Science & Tech

Big Data-Derived Tool Facilitates Closer Monitoring Of Recovery From Natural Disasters

Texas A&M researchers have mined location-based data to essential establishments during Hurricane Harvey to develop a framework for monitoring communities’ resilience.
By Vandana Suresh, Texas A&M University College of Engineering July 22, 2021

artist's representation of a network-connected city
Researchers have developed a new mathematical framework that can monitor the recovery of communities from natural disasters in near real time using big data.

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By analyzing peoples’ visitation patterns to essential establishments like pharmacies, religious centers and grocery stores during Hurricane Harvey, researchers at Texas A&M University have developed a framework to assess the recovery of communities after natural disasters in near real time.

They say the information gleaned from their analysis would help federal agencies allocate resources equitably among communities ailing from a disaster.

“Neighboring communities can be impacted very differently after a natural catastrophic event,” said Ali Mostafavi, associate professor in the Zachry Department of Civil and Environmental Engineering and director of the Urban Resilience.AI Lab. “And so, we need to identify which areas can recover faster than others and which areas are impacted more than others so that we can allocate more resources to areas that need them more.”

The researchers have reported their findings in Interfacea publication of The Royal Society.

The metric that is conventionally used to quantify how communities bounce back from nature-caused setbacks is called resilience, and is defined as the ability of a community to return to its pre-disaster state. To measure resilience, factors like the accessibility and distribution of resources, connection between residents within a community and the level of community preparedness for an unforeseen disaster are critical.

The standard way of obtaining data needed to estimate resilience is through surveys. The questions considered, among many others, are how and to what extent businesses or households were affected by the natural disaster and the stage of recovery. However, Mostafavi said these survey-based methods, although extremely useful, take a long time to conduct, with the results of the survey becoming available many months after the disaster.

“For federal agencies allocating funds, recovery information is actually needed in a faster and more near real-time fashion for communities that are trailing in the recovery process,” Mostafavi said. “The solution, we thought, was to look for emerging sources of data other than surveys that could provide more granular insights into community recovery at a scale not previously investigated.”

Mostafavi and his collaborators turned to community-level big data, particularly the information collected by companies that keep track of visits to locations within a perimeter from anonymized cell phone data. In particular, the researchers partnered with a company called SafeGraph to obtain location data for people in Harris County around the time of Hurricane Harvey.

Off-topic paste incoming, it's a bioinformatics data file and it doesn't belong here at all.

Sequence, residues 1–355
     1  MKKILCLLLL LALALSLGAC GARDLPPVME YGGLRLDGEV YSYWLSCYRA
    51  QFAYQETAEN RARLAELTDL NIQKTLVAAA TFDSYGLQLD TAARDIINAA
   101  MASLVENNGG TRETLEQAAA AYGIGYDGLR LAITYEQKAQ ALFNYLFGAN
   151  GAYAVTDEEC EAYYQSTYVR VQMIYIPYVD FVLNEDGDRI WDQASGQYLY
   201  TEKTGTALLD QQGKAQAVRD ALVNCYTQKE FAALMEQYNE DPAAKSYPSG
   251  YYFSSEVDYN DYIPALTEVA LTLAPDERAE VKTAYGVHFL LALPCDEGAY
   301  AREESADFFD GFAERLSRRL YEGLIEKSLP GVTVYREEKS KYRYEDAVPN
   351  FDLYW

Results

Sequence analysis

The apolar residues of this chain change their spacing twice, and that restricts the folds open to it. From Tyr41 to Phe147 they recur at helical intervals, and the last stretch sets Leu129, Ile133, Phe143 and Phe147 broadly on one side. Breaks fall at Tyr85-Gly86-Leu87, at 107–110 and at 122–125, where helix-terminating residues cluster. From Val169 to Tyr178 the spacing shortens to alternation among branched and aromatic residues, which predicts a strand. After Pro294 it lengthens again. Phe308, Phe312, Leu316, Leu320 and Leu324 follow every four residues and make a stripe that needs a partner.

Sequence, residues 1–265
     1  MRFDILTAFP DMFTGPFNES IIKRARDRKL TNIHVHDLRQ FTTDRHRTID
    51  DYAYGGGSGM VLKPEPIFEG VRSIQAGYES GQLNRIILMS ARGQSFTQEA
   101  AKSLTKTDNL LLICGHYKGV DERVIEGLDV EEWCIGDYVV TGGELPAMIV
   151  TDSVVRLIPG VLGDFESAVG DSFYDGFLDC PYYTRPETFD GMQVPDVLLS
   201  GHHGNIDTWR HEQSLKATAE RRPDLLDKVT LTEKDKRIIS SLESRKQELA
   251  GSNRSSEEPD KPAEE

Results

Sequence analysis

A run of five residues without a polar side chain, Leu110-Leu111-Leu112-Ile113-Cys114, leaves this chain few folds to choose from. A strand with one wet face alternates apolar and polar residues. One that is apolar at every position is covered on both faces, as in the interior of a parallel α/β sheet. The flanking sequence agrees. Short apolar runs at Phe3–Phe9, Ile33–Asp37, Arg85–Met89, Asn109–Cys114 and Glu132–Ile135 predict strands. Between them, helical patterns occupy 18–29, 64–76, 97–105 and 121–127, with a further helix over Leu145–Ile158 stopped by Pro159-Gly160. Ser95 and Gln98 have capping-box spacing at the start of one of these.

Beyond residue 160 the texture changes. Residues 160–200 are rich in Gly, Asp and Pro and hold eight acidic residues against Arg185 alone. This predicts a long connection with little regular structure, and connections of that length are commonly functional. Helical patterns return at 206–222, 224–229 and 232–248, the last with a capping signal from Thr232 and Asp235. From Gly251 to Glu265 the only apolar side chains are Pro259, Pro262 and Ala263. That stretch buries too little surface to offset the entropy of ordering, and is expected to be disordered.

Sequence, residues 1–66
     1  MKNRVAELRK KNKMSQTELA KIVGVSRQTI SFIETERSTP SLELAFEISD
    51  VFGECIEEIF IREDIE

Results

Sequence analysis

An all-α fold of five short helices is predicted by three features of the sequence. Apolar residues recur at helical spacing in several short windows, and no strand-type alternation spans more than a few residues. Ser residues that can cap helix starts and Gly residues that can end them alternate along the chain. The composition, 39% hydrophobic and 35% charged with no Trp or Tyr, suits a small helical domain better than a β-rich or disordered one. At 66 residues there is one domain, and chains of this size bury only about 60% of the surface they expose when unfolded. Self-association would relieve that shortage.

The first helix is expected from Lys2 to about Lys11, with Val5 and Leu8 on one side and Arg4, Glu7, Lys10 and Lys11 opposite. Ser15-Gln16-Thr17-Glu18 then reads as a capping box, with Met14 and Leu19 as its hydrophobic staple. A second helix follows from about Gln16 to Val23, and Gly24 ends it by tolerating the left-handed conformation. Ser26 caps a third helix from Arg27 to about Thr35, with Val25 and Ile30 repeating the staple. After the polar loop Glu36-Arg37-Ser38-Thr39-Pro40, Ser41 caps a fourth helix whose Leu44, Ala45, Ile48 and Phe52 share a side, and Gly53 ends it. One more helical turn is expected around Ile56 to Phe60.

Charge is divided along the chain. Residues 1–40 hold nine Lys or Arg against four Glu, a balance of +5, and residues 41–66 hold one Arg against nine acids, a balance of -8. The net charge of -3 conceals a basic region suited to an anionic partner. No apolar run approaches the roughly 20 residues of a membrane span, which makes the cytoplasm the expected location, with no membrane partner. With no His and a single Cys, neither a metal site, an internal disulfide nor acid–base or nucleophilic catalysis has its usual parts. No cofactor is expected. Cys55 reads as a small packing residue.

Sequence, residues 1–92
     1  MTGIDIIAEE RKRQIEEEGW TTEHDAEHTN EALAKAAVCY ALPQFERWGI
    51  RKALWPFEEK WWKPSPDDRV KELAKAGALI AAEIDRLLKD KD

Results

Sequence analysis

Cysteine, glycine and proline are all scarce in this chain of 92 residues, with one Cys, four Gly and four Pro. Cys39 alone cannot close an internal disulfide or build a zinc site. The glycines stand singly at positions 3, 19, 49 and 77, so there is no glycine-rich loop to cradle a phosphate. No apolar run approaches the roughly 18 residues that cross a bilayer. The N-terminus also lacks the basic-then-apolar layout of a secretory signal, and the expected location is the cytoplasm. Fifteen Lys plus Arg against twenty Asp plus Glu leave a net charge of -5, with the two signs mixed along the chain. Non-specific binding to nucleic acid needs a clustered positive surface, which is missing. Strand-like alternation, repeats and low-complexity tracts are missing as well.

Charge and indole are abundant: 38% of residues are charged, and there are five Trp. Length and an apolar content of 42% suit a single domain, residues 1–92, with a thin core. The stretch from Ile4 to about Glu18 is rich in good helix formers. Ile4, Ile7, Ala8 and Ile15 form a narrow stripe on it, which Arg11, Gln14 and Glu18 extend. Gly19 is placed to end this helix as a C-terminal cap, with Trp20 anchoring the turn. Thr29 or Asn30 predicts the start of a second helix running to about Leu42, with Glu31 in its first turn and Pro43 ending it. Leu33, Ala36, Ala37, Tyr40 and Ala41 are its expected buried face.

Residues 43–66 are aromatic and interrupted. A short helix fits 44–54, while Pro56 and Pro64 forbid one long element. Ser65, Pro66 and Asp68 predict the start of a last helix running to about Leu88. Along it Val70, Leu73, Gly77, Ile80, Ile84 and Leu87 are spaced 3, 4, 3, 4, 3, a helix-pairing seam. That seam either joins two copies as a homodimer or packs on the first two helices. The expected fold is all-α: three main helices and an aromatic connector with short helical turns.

As a first step, they determined “points of interest” corresponding to the locations of establishments like hospitals, gas stations and stores that might experience a change in visitor traffic due to the hurricane.

Next, the researchers mined the big data and obtained the number of visits to each point of interest before and during the hurricane. For different communities in Harris County, they calculated the time taken for the visits to return to the pre-disaster level and the general resilience, that is, the combined resilience of each point of interest based on the percent change in the number of visits due to the hurricane.

Their analysis revealed that communities that had low resilience also experienced more flooding. However, their results also showed that the level of impact did not necessarily correlate with recovery.

“It’s intuitive to assume, for example, that businesses impacted more will have slower recovery, which actually wasn’t the case,” Mostafavi said. “There were places where visits dropped significantly, but they recovered fast. But then others that were impacted less but took longer to recover, which indicated the importance of both time and general resilience in evaluating a community’s recovery.”

The researchers also noted that another important finding was that the areas that are in close proximity to those that had flooding are also impacted, suggesting that the spatial reach of flooding goes beyond flooded areas.

“Although we focused on Hurricane Harvey for this study, our framework is applicable for any other natural disaster as well,” Mostafavi said. “But as a next step, we’d like to create an intelligent dashboard that would display the rate of recovery and impacts in different areas in near real time and also predict the likelihood of future access disruption and recovery patterns after a heavy downpour.”

Other contributors to the research include Cristian Podesta, Natalie Coleman, Amir Esmalian and Faxi Yuan from the civil and environmental engineering department. Podesta, an undergraduate student, is the lead author of this study. Coleman is a National Science Foundation graduate fellow.

This research is funded by a National Science Foundation’s Faculty Early Career Development Award.

This article by Vandana Suresh originally appeared on the College of Engineering website.

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